Attempts have already been made to overcome these disadvantages. Thus in European Patent Application No. 0,055,576 an industrial process is proposed for manufacturing the vesicles under mild conditions (that is to say below the transition temperature of the lipid substances and without the need for a major disturbance of the receiving medium). According to this process, a system of solvents for the lipids is employed which comprises a water-soluble solvent S1 chosen from methanol, ethanol, propanol and isopropanol, and a hydrophobic solvent S2, more volatile than the aqueous solution, and which is chosen from hexane, cyclohexane, 2,2-dimethylbutane, pentane, isopentane and 1,1,2-trichlorotrifluoroethane. The fact that S2 has a boiling point (28° C.-81° C.) above the ambient temperature makes it necessary to raise the vesicle dispersion to a relatively high temperature to removed S2, and the fact that S1 is water-soluble makes it necessary to purify this dispersion by dialysis or filtration through a column in order to remove the solvent S1. As a result this process is not suitable for encapsulating heat-sensitive substances.

We had the idea that it would be possible to form vesicles at a low temperature if the pressure at which the aqueous phase which is to be encapsulated is conditioned is reduced. It was then observed that, if a lipid solution conditioned in a pressurised receptacle is injected at a reduced flow rate into an aqueous receiving medium under reduced pressure, then vesicles can be obtained in a very satisfactory yield at the abovementioned temperatures. The phenomenon observed is thought to be due to the combination of two factors: on the one hand, the injection is carried out at a reduced flow rate and, on the other hand, the pressure at which the aqueous phase which is to be encapsulated is conditioned is lower than the pressure at which the lipid solution is conditioned in the liquid state, and lower than the vapour pressure of the solvent(s) in the droplets formed at the point of injection at the temperature of the receiving medium.

In order to explain the greatly superior yield of the process according to the invention when compared to the known solvent vaporisation processes in which the lipid and receiving media are at normal pressure, the hypothesis has been put forward, although this invention is in no way bound by this, that, in the known processes, a relatively slow heat transfer takes place in the injection medium with lipid droplets dividing and thereby giving rise to relatively small vesicles (with an average diameter of 150 nm). In contrast, in the case of the present invention, it is observed that the droplets introduced into the receiving medium explode almost instantaneously, and this leads to unilamellar vesicles of a larger size. From this it follows that the "flash" in an aqueous medium which is produced according to the invention by reducing the pressure is not equivalent to the known flash due to a rise in temperature caused by injection into the receiving medium. The present invention makes it possible, moreover, to operate with any receiving temperature, which is preferably chosen to be less than 25° C. to permit the encapsulation of heat-sensitive substances.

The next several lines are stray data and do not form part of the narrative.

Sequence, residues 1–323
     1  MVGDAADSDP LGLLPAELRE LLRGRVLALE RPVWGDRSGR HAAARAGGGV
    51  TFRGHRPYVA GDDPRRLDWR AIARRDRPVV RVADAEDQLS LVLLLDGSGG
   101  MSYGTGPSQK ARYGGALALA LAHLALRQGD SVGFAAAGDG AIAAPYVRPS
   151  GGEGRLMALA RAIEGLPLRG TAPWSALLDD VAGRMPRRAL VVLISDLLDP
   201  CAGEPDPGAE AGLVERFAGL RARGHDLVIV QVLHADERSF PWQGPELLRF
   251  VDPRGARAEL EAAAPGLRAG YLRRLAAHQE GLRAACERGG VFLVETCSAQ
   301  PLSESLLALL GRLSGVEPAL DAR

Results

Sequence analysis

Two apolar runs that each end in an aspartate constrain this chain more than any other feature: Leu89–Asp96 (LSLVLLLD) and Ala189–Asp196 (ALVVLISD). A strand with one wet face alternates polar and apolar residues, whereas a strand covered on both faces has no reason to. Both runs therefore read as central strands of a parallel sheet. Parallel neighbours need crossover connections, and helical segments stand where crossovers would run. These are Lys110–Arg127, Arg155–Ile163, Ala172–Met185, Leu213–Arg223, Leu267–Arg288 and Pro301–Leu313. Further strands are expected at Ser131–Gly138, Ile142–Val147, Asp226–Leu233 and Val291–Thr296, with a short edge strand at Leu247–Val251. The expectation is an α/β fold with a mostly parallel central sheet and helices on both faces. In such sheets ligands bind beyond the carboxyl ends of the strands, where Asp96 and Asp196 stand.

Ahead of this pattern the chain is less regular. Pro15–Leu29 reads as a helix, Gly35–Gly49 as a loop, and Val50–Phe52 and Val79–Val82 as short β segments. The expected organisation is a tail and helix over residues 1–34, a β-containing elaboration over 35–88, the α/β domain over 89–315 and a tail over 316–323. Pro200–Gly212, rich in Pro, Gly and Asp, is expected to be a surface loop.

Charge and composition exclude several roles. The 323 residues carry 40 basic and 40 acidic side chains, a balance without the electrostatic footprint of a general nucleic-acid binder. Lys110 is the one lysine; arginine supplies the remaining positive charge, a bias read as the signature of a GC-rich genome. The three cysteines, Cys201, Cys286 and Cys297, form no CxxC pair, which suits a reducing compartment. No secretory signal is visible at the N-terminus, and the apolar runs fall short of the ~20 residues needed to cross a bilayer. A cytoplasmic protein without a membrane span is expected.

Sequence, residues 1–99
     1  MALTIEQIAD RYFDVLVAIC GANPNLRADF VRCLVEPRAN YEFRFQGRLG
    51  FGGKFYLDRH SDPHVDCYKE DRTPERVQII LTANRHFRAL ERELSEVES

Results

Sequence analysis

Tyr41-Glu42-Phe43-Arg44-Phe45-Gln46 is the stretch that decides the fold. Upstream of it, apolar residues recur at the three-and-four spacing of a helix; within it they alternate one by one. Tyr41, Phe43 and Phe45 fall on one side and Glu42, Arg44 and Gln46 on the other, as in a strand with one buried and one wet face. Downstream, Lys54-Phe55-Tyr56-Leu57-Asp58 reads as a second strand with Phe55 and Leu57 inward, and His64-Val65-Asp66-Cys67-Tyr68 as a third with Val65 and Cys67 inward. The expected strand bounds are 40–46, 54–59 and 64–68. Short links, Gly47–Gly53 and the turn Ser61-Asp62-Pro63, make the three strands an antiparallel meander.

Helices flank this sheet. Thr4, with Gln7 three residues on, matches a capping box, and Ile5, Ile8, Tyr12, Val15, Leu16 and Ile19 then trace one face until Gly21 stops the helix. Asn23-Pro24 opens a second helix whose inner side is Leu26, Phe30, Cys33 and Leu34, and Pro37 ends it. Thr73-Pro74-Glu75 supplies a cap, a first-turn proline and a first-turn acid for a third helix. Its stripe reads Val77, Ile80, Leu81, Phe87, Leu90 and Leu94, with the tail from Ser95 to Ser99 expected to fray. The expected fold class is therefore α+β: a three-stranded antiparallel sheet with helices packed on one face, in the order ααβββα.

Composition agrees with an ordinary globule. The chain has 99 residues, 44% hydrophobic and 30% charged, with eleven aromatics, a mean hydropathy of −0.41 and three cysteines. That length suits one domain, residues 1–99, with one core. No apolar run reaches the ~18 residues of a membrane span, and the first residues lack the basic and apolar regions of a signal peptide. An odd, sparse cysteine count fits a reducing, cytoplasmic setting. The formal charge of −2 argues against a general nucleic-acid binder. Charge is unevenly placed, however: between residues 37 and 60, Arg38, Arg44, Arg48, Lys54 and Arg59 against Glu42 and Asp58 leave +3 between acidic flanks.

Accordingly, the present invention provides a process for preparing unilamellar lipid vesicles having an average diameter above 1,000 Å, each of these vesicles consisting of a spheroidal lipid lamella inside which is placed a substance to be encapsulated, a process according to which the lipid(s) intended to form the lamella of the vesicles is, or are, dissolved in at least one water-insoluble solvent, the lipid solution is conditioned in the liquid state, conveniently in a receptacle, at a pressure P1 and at a temperature θ1, the substance to be encapsulated is dissolved to obtain an aqueous phase, the said aqueous phase to be encapsulated is conditioned at a pressure P2 and a temperature θ2, and the lipid solution is injected into the aqueous phase, so that the solvent(s) of the lipid solution vaporise(s) on coming into contact with the said aqueous phase, characterised in that the lipid solution is injected into the aqueous phase to be encapsulated at a low flow rate to form droplets initially, the pressure P2 being less than P1 and less than the vapour pressure of the solvent(s) in the said droplets at the temperature θ2.

The temperatures θ1 and θ2 are preferably chosen to be substantially equal.

In a preferred embodiment of the process according to the invention, the lipid solution is conditioned in a receptacle of the "aerosol container" type which contains a propellent agent and the pressure P2 is chosen below atmospheric pressure. It is then preferred, for reasons which are given later, to employ lipid(s) which is, or are, completely soluble in the liquid contents of the aerosol container. The pressure P1 in the aerosol container is chosen to have a value, for example, from 1 to 8 bars absolute. Preferably, the pressure P1 has a value from 4 to 6 bars absolute.

To permit heat-sensitive substances to be encapsulated, the solvent(s) chosen for the lipid is desirably a solvent which has a boiling point below 25° C. and the temperatures θ1 and θ2 are chosen to be substantially equal to ambient temperature. Furthermore, this solvent desirably has a low polarity. The solvents which meet the abovementioned conditions are particularly the halocarbons, among which can be mentioned trichlorofluoromethane, dichlorofluoromethane and dichlorodifluoromethane.

The propellent agent employed according to the invention may be a compressed gas which is soluble in the liquid phase contained in the aerosol container, nitrous oxide or carbon dioxide being capable of forming this gas. The propellent agent can also be a liquefied gas which is miscible with the lipid solution contained in the aerosol container, in particular a hydrocarbon which is or is not halogenated. Among such hydrocarbons there may be mentioned butane and propane and among the halocarbons, chlorofluoroalkanes such as dichlorofluoromethane, dichlorodifluoromethane, or 1,2-dichloro-1,1,2,2-tetrafluoroethane. The propellent agent can also consist of a compressed gas which is insoluble in the liquid phase contained in the aerosol container, for example nitrogen. When the propellent agent is a liquified gas which is miscible with the lipid solution in the aerosol container, it may reduce the solubility of the lipids in the solvent, in which case the propellant and the solvent in the aerosol container can be separated by a plastic or metal pouch.